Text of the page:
Google Transparency Report: Government Censorship Up 25% in 2012


The latest Google Transparency Report was released on Thursday. The report is a disclosure of user data requests, removal requests, and real-time and historic traffic information requests by governments, courts, agencies, and copyright owners globally. The report indicates that government removal requests increased 25% between the first and second half of 2012 (from 1,811 to 2,285 requests, encompassing 24,179 total pieces of content requests for the second half of 2012).

Between 2010 and 2012, a top reason cited for content removal by governments was defamation of political figures and public officials, often for criticizing their policies or linking them to corruption. In France, a regional leader requested the removal of a blog because it criticized aspects of his career:

“We received a request from the leader of a regional government entity to remove a blog post that criticized aspects of his judicial career. We did not remove content in response to this request," the Google report read.


In Brazil, two judges requested the removal of content that linked them to corruption:

“We received a request from one judge to remove a blog that allegedly defamed him by referencing or linking to accusations of corruption, and a similar request from a different judge to remove a search result. We did not remove content in response to this request," the report read.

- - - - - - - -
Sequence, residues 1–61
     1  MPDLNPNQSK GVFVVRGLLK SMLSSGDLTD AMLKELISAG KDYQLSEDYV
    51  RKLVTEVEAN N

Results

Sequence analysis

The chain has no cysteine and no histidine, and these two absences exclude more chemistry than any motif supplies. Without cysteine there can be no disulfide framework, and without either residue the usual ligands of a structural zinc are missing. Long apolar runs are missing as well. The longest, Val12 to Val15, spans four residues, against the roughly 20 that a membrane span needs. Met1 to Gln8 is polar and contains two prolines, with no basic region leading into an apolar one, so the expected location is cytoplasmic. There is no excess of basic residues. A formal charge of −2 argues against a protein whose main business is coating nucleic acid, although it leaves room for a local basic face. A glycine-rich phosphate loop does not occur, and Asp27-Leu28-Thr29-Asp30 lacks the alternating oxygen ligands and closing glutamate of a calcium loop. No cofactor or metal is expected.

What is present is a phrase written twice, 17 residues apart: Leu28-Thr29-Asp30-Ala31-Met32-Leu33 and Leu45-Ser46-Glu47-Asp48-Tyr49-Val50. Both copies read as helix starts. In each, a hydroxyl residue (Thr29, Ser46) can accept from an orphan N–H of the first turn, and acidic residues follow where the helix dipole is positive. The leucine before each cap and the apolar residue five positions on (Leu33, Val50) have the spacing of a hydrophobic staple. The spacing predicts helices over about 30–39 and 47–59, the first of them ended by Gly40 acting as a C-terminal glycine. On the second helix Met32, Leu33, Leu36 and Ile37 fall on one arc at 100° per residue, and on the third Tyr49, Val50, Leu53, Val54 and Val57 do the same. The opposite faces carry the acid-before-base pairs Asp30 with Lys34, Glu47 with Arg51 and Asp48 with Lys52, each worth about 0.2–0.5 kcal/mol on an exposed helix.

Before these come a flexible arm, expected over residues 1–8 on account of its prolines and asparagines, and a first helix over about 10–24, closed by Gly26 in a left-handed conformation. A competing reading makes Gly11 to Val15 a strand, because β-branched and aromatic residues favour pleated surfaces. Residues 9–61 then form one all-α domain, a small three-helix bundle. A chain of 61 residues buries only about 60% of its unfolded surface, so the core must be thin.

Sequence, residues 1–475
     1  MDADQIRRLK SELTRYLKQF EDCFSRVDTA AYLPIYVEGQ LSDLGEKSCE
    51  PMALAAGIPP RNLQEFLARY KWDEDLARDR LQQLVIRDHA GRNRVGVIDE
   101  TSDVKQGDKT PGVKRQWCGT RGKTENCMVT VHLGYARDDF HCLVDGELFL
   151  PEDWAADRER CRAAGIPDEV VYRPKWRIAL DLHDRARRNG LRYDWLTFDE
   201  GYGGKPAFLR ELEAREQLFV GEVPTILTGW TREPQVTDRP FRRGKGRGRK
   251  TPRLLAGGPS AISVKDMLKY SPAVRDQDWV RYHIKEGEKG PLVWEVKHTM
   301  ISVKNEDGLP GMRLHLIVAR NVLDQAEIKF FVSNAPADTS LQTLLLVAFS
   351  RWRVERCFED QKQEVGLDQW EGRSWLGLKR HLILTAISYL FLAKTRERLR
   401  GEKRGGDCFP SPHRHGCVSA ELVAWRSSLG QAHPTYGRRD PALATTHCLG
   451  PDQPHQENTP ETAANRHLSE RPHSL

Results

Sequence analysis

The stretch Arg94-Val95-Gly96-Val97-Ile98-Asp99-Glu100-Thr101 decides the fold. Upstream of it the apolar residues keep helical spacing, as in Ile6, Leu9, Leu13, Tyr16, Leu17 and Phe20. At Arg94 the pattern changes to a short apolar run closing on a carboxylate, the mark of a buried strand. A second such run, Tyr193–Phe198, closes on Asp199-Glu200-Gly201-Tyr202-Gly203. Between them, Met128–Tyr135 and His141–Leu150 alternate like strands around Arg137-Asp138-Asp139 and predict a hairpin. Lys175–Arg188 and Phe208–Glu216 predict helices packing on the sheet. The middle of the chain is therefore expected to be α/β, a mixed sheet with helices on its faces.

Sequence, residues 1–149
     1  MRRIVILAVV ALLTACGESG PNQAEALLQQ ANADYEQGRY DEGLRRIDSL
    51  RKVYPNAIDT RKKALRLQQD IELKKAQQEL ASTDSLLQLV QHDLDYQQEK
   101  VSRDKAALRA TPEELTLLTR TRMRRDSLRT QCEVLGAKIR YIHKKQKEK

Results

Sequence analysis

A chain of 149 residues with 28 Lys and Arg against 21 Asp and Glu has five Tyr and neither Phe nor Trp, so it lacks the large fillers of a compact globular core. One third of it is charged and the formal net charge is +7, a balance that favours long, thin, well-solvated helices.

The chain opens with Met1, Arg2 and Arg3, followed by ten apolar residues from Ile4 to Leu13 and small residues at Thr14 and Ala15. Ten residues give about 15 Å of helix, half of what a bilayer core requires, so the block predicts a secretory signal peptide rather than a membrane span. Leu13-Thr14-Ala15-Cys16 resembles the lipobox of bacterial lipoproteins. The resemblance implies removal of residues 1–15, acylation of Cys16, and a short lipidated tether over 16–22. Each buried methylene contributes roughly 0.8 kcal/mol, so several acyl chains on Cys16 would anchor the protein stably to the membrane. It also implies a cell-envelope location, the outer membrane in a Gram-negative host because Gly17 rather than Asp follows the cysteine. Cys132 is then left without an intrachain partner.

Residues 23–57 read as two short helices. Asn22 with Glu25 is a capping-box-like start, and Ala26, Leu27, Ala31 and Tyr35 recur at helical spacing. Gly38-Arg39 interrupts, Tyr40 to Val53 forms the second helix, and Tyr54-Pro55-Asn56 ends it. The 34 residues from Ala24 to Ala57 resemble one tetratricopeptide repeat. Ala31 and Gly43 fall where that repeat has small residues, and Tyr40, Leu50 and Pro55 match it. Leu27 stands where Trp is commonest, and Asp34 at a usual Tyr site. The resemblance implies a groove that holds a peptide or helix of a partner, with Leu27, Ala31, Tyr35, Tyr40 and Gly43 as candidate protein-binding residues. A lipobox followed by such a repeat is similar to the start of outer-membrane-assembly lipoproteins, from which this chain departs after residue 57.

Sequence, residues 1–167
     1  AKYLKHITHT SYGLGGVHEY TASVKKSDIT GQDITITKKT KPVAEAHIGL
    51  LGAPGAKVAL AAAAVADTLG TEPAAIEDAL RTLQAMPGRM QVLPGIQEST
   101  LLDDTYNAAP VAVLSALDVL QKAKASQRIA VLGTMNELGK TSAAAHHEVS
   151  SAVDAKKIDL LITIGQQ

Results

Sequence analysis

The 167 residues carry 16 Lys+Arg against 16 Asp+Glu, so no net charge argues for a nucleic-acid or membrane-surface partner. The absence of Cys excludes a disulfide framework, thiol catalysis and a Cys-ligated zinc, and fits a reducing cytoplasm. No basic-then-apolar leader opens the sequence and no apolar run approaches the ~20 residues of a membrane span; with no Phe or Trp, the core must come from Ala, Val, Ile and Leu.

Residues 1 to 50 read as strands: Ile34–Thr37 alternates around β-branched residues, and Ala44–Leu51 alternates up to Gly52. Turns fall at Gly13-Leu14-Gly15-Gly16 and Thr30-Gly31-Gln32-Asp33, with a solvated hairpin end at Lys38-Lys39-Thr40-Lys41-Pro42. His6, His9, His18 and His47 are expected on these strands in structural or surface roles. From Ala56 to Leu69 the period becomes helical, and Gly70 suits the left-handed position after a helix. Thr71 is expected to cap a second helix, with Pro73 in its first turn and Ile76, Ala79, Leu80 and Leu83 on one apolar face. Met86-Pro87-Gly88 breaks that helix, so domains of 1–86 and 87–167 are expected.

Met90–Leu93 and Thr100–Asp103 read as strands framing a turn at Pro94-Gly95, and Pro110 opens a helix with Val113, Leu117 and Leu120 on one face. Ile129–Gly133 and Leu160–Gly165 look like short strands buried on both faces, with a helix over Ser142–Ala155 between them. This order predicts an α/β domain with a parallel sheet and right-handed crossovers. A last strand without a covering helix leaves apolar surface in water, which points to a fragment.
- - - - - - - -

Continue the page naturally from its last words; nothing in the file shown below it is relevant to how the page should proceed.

The United States government requested content removal for “allegedly defaming police officers, government officials, and public prosecutors” as well, according to the report. With the proposal of SOPA and PIPA last year, and now CISPA and the Internet Sales Tax, many fear these statistics indicate a global rise in the scope of government that attempts to increasingly censor and control the internet, writes Google Legal Director Susan Infantino, on her blog. The number of cases where national security letters received to retrieve user data or accounts using a subpoena, search warrant, or other forms of legal authorization obtained from the ECPA has also declined by 10% since 2009 (6% in the United States).

Some governments have responded to criticism by disrupting entire Google services for the posting of defamatory or critical content. Since 2009, China has disrupted Google websites, Google’s Picasa web album service, and YouTube. In response to anti-Islamic videos, Pakistan, Afghanistan, and Bangladesh disrupted YouTube services in September 2012. The most common reason cited among disrupted regions was the defamation of Muslim innocence:

“We received inquiries from 20 countries regarding YouTube videos that contain clips of the movie, ‘Innocence of Muslims’: Australia, Bangladesh, Brazil, Brunei, Djibouti, Egypt, India, Indonesia, Iran, Jordan, Lebanon, Maldives, Malaysia, Pakistan, Russia, Saudi Arabia, Singapore, Turkey, United Arab Emirates, and the United States. Australia, Egypt, and the United States requested that we review the videos to determine if they violated our Community Guidelines, which they did not. The other 17 countries requested that we remove the videos. We restricted videos from view in Indonesia, India, Jordan, Malaysia, Russia, Saudi Arabia, Singapore and Turkey. Due to difficult circumstances, we temporarily restricted videos from view in Egypt and Libya,” the report read.